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Question Mark TOWER Mystery 3  Why are the buttons on calculators and telephones lined up in a different order?
Calculator buttons are numbered 0 to 9, bottom to top. Telephone buttons are numbered 1 to 9, top to bottom, with 0 at the end. They both use the number 0 through 9, but why do you think they are lined up in opposite directions?
Calculator buttons are numbered 0 to 9, bottom to top, because people thought it would be better to have the number 0, which is used the most often in calculations, closest to the user. But calculator buttons were not always lined up in the same way. The 14-A, which was Casio’s first calculator, had keys lined up just like today’s calculators, but the world’s first desktop calculator, built by a British company six years later, was a “full-key” model, which meant it had a row of 10 keys for each digit. Full-key calculators continued to be built for a while, but they finally disappeared because more people thought calculators with buttons numbered 0 to 9, bottom to top, and usable for any digit, were easier to use. These days, the International Standards Organization (ISO) has made a standard or rule for how number buttons should be lined up on computers and calculators.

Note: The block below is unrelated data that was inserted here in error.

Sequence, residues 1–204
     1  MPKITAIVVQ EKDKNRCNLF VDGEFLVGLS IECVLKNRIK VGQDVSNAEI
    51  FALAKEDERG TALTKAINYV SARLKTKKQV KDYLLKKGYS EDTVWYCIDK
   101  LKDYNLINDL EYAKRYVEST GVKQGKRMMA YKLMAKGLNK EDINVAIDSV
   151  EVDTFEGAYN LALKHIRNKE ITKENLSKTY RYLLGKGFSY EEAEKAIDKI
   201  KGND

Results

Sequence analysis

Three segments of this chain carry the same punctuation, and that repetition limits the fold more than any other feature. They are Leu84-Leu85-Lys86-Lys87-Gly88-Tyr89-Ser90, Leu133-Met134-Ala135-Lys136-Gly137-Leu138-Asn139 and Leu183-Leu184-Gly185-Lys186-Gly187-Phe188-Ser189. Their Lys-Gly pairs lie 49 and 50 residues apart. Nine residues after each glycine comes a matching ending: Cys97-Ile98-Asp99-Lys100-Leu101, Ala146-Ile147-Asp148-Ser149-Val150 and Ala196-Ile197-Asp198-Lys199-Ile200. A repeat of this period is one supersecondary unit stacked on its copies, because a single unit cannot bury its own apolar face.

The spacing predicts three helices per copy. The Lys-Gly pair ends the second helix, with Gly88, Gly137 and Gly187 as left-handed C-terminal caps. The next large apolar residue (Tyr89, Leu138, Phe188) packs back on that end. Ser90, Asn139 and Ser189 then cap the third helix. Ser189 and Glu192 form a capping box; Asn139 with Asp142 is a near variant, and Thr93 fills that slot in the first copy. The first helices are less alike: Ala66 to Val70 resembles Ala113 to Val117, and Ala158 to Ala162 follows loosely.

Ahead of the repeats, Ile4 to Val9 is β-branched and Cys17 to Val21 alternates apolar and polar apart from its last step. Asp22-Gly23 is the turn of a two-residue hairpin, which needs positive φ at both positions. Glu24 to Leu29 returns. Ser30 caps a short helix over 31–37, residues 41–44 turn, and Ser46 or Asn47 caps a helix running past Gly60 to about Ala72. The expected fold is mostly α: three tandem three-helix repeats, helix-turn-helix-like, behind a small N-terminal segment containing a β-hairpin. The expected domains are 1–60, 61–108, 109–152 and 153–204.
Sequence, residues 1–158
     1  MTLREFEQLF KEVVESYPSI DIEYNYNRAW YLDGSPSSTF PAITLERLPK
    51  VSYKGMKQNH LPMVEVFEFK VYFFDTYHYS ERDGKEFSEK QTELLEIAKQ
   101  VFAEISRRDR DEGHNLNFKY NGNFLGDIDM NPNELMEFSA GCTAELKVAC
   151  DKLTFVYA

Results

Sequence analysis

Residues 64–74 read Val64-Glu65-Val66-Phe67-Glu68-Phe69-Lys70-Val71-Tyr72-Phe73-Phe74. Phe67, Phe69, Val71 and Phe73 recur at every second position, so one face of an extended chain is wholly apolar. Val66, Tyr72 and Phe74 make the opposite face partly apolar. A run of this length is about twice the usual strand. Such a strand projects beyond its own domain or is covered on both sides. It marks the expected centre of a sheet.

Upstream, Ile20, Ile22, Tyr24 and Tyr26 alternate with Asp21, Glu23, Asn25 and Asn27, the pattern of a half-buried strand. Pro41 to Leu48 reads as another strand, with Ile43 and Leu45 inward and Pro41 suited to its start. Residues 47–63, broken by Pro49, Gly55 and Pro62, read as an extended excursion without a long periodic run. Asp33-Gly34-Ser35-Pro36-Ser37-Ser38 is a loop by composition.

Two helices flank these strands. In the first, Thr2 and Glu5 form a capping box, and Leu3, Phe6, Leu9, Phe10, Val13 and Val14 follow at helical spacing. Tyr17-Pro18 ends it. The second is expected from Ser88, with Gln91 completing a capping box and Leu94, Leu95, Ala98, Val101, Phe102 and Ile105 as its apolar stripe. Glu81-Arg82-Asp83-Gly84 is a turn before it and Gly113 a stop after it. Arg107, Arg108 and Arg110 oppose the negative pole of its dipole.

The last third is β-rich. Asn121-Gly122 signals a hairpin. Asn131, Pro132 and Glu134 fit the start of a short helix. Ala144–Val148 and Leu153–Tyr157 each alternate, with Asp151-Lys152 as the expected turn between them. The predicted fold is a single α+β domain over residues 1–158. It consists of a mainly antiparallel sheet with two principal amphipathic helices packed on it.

a Calculator and a Phone

The way buttons are lined up on telephones is defined by the International Telecommunications Union, Telecommunications Sector (ITU-T) as 1 to 9, top to bottom, with 0 at the end, because that is the most natural. When calculators first appeared, telephones used a dial instead of buttons.

So, as you can see, calculators and telephones belong to different standardization groups, and the different way their keys are lined up is the result of those groups choosing which way was easiest to use.

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